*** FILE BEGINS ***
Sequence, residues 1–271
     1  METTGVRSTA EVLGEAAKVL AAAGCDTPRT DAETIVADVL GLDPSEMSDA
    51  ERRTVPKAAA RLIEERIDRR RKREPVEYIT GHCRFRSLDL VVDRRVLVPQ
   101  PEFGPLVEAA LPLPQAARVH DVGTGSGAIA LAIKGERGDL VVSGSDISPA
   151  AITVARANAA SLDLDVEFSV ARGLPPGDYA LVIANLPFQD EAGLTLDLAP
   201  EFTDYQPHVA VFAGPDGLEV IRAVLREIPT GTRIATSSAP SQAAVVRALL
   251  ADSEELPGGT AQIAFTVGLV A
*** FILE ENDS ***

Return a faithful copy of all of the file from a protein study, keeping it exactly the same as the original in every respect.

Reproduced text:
Sequence, residues 1–271
     1  METTGVRSTA EVLGEAAKVL AAAGCDTPRT DAETIVADVL GLDPSEMSDA
    51  ERRTVPKAAA RLIEERIDRR RKREPVEYIT GHCRFRSLDL VVDRRVLVPQ
   101  PEFGPLVEAA LPLPQAARVH DVGTGSGAIA LAIKGERGDL VVSGSDISPA
   151  AITVARANAA SLDLDVEFSV ARGLPPGDYA LVIANLPFQD EAGLTLDLAP
   201  EFTDYQPHVA VFAGPDGLEV IRAVLREIPT GTRIATSSAP SQAAVVRALL
   251  ADSEELPGGT AQIAFTVGLV A